Turtle Herpes Pandemic

How do turtles get herpes? Nobody knows for sure, but this particular strain of herpesvirus creates cauliflower-like tumors that may end up costing the turtle’s life.

Fibropapillomatosis (FP) is a disease that has been observed across all species of sea turtles, but it has become especially widespread among green sea turtles (Chelonia mydas) at an alarming rate. The benign tumors that are characteristic of FP develop on soft tissues, shells, and even eyes of infected turtles, and when left untreated, they can grow to immense sizes, impairing the animal’s movements and vitals such as breathing and swallowing. So while these tumors are by no means directly lethal, they invite hordes of secondary infections and pathogens that may ultimately result in fatality. A study published in the journal, Disease of Aquatic Organisms, by Elliott R. Jacobson et al., of the College of Veterinary Medicine, University of Florida, found that the likely agent of this disease is a herpesvirus, and subsequent research has narrowed it down to the Chelonid herpesvirus 5 (ChHV5), which shares the same family as human genital herpes.

Green sea turtles are already endangered due to factors such as nesting habitat loss, pollution, egg harvesting, climate change, and boat strikes; the alarming prevalence of FP serves to only exacerbate the marginalization of the species. The number of cases of FP have experienced up to a 6,000% increase from the 1980s to the mid-1990s, with FP spreading all around the world for specifically green sea turtles. FP is so globally pervasive that the outbreak has been classified as “panzootic,” the animal equivalent of “pandemic.” Yet, whether warmer waters or pollution, it is still unclear what exactly has caused this virus to spiral out of control in just one or two decades.

Although there has been no conclusive evidence pointing to the exact factors that had catalyzed the unfortunate ubiquity of this disease, a study published in Aquatic Toxicology by Cinthia Carneiro da Silva of the Federal University of Rio Grande discovers a “significant and positive correlation” between concentration of heavy metals in blood and the severity of FP, as well as a significant and negative correlation between cholesterol concentrations and FP (2016). Additionally, Angélica María Sánchez-Sarmiento of the University of São Paulo discovered that many green sea turtles have been exposed to organochlorine compounds, which are known to have carcinogenic effects.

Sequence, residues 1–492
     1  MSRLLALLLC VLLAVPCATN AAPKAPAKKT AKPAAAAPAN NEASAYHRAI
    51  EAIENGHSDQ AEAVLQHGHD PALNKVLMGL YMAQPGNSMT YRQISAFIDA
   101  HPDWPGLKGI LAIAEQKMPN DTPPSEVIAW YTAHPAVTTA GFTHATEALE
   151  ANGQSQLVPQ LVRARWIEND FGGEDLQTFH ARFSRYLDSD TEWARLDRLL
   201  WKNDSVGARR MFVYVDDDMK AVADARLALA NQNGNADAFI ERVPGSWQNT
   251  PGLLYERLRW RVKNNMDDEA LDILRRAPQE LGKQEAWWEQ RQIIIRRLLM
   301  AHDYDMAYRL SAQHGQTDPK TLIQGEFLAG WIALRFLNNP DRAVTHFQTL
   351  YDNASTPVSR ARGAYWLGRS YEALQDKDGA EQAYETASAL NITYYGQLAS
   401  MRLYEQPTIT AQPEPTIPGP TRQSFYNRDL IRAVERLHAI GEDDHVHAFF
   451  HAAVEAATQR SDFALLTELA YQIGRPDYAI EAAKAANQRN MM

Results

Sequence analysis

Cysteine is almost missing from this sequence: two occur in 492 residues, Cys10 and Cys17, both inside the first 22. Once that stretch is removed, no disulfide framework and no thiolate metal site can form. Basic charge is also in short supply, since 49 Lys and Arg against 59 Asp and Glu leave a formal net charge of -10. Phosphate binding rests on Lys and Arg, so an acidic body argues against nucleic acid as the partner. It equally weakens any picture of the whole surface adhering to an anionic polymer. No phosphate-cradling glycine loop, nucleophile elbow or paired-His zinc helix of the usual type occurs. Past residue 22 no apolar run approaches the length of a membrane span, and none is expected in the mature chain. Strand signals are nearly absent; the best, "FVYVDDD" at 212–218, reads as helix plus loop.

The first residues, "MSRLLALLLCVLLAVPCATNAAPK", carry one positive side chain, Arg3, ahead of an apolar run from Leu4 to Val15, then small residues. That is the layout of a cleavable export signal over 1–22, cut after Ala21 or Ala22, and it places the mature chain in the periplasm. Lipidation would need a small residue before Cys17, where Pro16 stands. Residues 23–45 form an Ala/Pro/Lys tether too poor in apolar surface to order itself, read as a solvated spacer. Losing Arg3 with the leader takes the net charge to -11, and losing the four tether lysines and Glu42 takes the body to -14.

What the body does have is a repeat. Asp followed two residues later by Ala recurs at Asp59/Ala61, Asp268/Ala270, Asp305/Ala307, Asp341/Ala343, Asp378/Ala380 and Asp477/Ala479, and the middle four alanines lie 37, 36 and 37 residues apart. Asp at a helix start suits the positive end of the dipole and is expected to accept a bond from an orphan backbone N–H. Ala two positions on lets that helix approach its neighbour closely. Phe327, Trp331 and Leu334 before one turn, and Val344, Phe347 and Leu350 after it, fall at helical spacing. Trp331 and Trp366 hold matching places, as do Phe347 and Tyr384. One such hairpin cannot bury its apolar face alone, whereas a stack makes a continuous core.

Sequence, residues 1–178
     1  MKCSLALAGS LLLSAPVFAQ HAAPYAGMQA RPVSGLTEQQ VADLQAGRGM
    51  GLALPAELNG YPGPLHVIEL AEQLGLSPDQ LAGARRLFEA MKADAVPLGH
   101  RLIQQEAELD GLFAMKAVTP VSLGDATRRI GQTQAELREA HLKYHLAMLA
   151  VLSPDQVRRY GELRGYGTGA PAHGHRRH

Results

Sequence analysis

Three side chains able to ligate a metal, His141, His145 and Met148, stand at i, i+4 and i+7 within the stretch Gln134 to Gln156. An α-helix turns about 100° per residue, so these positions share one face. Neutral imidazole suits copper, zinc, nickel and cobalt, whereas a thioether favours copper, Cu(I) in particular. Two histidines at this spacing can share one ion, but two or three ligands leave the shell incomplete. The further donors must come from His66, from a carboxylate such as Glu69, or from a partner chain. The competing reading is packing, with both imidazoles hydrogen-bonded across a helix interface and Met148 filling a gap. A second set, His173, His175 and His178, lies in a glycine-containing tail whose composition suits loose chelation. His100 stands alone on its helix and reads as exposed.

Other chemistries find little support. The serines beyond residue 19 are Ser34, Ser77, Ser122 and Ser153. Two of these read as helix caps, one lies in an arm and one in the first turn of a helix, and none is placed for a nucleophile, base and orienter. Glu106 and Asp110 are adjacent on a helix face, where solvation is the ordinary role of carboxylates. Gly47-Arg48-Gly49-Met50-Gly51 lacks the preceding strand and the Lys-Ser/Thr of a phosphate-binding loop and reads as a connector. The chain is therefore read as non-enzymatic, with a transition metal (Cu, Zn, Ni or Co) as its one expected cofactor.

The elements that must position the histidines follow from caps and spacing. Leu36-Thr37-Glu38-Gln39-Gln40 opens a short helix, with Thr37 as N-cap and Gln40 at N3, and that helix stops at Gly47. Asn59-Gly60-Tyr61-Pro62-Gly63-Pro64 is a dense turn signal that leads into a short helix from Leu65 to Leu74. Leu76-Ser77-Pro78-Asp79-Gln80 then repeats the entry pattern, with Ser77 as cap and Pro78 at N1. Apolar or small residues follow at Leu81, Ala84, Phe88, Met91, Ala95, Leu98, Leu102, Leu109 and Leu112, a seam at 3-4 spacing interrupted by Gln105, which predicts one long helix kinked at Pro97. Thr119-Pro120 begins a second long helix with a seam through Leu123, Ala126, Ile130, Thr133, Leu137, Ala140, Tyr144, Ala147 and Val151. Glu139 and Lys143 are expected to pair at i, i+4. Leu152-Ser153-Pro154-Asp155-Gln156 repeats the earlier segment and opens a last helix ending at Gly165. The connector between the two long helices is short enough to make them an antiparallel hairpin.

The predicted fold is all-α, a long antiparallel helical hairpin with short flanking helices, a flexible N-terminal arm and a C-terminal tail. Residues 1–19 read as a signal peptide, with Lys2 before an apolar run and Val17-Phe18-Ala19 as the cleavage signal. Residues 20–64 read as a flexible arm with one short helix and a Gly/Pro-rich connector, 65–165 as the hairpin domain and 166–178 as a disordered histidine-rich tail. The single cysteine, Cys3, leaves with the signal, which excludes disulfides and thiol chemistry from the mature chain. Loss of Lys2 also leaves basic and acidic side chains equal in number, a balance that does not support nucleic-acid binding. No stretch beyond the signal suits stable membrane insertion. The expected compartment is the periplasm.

Sea turtle with FP tumors on its eyes and soft tissue, which may affect its locomotion and survival chances

150607_10281_Honu w Fibropapilloma Tumors_” by Richard Morgan is licensed under CC 2.0

Surprisingly, almost all of the infected turtles are juveniles, raising questions about why this is the case. Karina Jones of James Cook University, who published a comprehensive, up-to-date review of FP in The Veterinary Journal, offers possible explanations. Her most optimistic one is that current adults and hatchlings have never been exposed to the disease, so only one generation (the juveniles) has been infected. Another optimistic possibility is that once infected turtles recover from the disease, they will simply acquire immunity as adults. However, there is another devastating possibility: all of the affected juveniles will perish before they reach adulthood, leaving only the unaffected alive and dooming the species. Jones reported that FP “grows on their [the turtles’] eyes, they can’t see predators, they can’t catch food, so sometimes they slowly starve to death — it’s not a nice thing for the turtles to experience… Severely affected turtles are quite skinny and have other pathogens affecting them – that’s why they die” (2016).